140°F (60°C) Halibut
Halibut cooked at 140°F (60°C) is right on the edge of where I'd want to eat it, exhibiting maximum meaty chew that is just edging into tough territory. This is a good temperature if you like your jaws to work a little bit for a meal.
Sous Vide Halibut Temperatures
|Just starting to flake, tender, near-raw layers||120°F (49°C)|
|Very moist, tender, and flaky||130°F (54°C)|
|Moist, flaky, and firm, just at the cusp of tough||140°F (60°C)|
There's no need to leave halibut in a water bath for longer than it takes to just cook through—a half hour to 45 minutes is plenty for one-inch fillets, and 45 minutes to an hour for fillets up to two inches thick.
How Do I Shop for Halibut?[top]
Halibut are bottom-feeding flatfish that live in deep, frigid waters. As mentioned above, they can grow truly massive in size (up to several hundred pounds), but most that you find at the supermarket these days are fish in the 30- to 40-pound range, yielding fillets that are about an inch to an inch and a half thick. Halibut is pricey, and a rare treat for me, so when I buy it, I like to look for larger fillets cut from near the center of the fish, where the fillets will have a more even shape above and below the central ridge of meat that follows the halibut's spine.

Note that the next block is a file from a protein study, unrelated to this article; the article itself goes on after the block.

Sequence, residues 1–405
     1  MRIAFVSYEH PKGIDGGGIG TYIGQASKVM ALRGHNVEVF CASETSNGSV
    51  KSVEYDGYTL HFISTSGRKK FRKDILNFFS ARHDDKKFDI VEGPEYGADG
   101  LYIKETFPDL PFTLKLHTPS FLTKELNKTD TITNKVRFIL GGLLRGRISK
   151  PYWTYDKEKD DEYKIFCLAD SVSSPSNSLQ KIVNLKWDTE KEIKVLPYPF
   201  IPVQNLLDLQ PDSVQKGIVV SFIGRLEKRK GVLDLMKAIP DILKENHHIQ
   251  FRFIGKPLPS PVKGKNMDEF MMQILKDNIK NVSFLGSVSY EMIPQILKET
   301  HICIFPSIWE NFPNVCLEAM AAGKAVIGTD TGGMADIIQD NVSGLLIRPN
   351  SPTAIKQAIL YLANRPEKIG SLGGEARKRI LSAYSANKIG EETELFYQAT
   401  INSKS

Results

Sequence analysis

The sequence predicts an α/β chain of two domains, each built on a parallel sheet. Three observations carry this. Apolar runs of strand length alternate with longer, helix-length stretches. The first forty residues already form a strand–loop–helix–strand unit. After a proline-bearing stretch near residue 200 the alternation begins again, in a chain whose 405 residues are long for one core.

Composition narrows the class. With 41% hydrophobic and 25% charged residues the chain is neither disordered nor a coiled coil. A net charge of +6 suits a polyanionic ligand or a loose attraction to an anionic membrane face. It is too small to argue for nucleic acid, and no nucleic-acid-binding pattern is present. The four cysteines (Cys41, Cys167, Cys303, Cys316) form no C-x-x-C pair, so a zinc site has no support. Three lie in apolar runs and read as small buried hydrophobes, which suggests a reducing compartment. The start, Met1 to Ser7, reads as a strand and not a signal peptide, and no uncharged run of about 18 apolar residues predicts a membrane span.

As with most fish, I prefer to have the fish-cutter give me a couple of larger pieces, as opposed to individual portions. Using a sharp chef's knife at home to trim them down into single-portion sizes gives me much more control over the finished product.
Should I Cook It Skin-On or Skin-Off?[top]
Though some sources recommend cooking and crisping halibut skin, I typically remove mine, as it can be extremely thick and leathery. (Some further experimentation on crisping sous vide halibut skin is definitely on the horizon!) The nice part about cooking sous vide is that you don't have to have any special knife skills to get that skin off. Once your halibut is cooked sous vide, you can simply peel the skin off with your fingers before searing.
Should I Brine?[top]
Some recipes for sous vide halibut recommend soaking the fish in a saltwater brine before cooking, in order to season it more deeply and to give it a denser, firmer texture. I tried cooking a few pieces of halibut side by side: one plain, one soaked in a liquid salt and sugar brine, one soaked in a plain salt brine, one rubbed (dry-brined) with salt and sugar, and one rubbed with salt alone. For the brined and dry-brined halibut, I tested various brining times, ranging from 15 minutes up to overnight. I cooked each sample of halibut sous vide at 130°F for 45 minutes, then tasted it.